Rare dodo bones found on Mauritius

A Dutch-Mauritian research team has discovered remains of the extinct dodo bird on the Indian ocean island, dating back about 2 000 to 3 000 years.

“This new find will allow for the first scientific research into and reconstruction of the world in which the dodo [Raphus cucullatus] lived, before Western man landed on Mauritius and wiped out the species,” the researchers said.

The research team consisted of Dutch scientists Kenneth Rijsdijk (geologist), Frans Bunnik (palaeobotanist), Pieter Floore (archaeologist), Alan Grihault (a local dodo expert) and Christian Foo Kune, manager of the Mon Trasor et Mon Dasert (MTMD) sugar-cane plantation, which owns the area where the discovery was made.

Julian Hume, a British palaeontologist who is also a member of the research team, was able to more closely determine the bones’ age and origin.

The fossil material was excavated in an area of Mauritius called Mare aux Songes, a low-lying swamp area in the dry south-eastern part of the island, on land owned by MTMD.

So far, approximately 7,2 square metres have been excavated and more than 700 bones have been recovered.
All the bones were found in one layer, and therefore suggest a mass grave.

The discovery yielded several dodo bones, including remains of dodo chicks and a very rare part of the bird’s beak, only a few of which are known to exist.

In addition to the dodo remains, the find included bones of various other extinct bird species, indigenous giant tortoise species and a baby giant tortoise, as well as a large number of seeds and remains of partly extinct trees and plants.

Although some dodo bones were found in the 19th century in the Mare aux Songes, the site’s geology and ecology have never been researched.

This type of study is necessary to reconstruct the area’s landscape, wildlife and vegetation and to determine whether the animals may have perished en masse due to a natural disaster.

In addition, it will enable scientists to research how such a massive collection of bones, seeds and wood ended up in the swamp and how it has remained so well preserved.

Since dodo bones were discovered there in 1920, there have been no subsequent finds.

“Thanks to geological research, this mass grave was found. Julian Hume recently re-examined the material already found in the Mare aux Songes, and discovered some bones of dodo chicks as well,” the researchers said.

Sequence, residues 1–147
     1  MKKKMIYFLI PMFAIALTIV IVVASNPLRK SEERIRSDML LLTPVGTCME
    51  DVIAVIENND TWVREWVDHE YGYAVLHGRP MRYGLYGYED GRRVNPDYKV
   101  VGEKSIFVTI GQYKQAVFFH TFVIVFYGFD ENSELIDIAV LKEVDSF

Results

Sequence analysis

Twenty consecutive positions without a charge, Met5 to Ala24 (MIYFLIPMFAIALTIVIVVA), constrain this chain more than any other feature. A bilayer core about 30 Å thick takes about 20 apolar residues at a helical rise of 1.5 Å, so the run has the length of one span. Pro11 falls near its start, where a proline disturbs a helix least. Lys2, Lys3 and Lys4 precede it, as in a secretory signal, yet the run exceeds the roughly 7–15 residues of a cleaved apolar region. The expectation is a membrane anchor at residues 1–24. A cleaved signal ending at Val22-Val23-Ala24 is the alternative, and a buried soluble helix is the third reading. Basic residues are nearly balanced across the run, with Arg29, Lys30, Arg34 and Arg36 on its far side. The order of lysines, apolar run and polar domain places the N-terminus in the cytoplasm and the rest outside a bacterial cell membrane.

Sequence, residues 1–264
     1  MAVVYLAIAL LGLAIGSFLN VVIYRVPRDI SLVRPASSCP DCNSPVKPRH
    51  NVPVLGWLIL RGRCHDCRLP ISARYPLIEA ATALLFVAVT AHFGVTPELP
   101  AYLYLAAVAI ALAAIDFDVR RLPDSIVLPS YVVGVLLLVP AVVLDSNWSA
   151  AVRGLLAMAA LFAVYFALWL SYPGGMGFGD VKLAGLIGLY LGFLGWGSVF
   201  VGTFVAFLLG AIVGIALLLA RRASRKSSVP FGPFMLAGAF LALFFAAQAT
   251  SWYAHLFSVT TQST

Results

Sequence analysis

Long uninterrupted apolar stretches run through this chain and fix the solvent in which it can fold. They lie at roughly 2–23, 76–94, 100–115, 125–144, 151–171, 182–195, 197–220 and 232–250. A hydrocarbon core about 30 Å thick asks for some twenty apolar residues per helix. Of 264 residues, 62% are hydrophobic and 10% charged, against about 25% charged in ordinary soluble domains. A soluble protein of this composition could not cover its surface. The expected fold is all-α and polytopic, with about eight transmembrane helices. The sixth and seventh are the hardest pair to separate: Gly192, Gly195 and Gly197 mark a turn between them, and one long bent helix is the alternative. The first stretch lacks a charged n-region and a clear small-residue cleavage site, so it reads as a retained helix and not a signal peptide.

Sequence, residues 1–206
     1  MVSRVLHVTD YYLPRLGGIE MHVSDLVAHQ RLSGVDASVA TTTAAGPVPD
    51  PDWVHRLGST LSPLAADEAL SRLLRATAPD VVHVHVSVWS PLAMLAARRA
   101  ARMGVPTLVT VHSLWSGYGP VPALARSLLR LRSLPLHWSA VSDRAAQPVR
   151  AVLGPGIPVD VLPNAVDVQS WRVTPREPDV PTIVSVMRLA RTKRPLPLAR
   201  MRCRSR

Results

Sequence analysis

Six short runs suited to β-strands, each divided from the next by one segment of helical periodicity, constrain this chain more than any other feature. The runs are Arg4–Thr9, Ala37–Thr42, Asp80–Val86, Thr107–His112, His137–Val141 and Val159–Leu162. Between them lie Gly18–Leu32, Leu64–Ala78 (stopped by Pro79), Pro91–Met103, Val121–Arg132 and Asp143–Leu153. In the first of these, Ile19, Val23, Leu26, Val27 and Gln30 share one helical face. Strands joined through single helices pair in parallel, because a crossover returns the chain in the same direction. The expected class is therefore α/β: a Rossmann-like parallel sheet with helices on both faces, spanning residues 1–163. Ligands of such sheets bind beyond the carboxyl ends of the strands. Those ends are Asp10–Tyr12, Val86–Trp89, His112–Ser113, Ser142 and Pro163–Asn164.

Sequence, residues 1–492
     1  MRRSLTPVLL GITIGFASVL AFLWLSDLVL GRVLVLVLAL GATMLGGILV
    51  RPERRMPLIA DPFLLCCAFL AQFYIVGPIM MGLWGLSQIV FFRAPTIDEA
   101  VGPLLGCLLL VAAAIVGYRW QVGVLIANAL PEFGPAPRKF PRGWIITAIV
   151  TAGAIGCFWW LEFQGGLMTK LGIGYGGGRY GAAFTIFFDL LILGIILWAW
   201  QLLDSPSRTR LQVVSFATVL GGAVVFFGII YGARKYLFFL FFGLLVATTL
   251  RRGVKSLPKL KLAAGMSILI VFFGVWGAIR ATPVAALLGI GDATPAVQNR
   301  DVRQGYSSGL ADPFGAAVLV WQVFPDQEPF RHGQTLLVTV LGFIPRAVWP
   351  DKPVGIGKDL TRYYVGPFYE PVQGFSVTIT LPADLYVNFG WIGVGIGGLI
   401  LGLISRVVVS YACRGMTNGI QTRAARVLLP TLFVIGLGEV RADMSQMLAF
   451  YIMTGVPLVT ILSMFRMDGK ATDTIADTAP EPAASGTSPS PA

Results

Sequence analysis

In future research on this site, the research team expects to discover some more remains of dodo chicks.

In order to allow for an accurate, systematic study of the site, an international team is being assembled.

The study will be performed by local botanical specialists from Mauritius in close cooperation with leading European institutes, including the Nationaal Natuurhistorisch Museum Naturalis from Leiden in The Netherlands, the London Natural History Museum and TNO’s Geological Survey of The Netherlands.

According to the Birds of Mauritius website, the dodo was a flightless member of the pigeon family native only to the island.

Fully grown dodos weighed about 23kg.

Around 1505, the Portuguese became the first Europeans to discover the island—and the dodo, which they quickly started killing for fresh meat.

By 1681, it had been driven to extinction by humans and the feral dogs, pigs, rats and monkeys introduced by Westerners.

The dodo was not the only Mauritian bird driven to extinction in recent centuries.

Of the 45 bird species originally found, only 21 still survive.

Two bird species closely related to the dodo have also become extinct: the Réunion solitaire (Raphus solitarius) by 1746, and the Rodrigues solitaire (Pezophaps solitaria) by 1790.

Reports of sightings of living dodos in the 1990s on Mauritius prompted expeditions to search for them. None were found.

The dodo retains the unfortunate distinction of being among the first known animal species to be wiped out by the actions of man and not the evolution of nature—hence the saying, “as dead as a dodo”, to indicate a final demise.—Sapa

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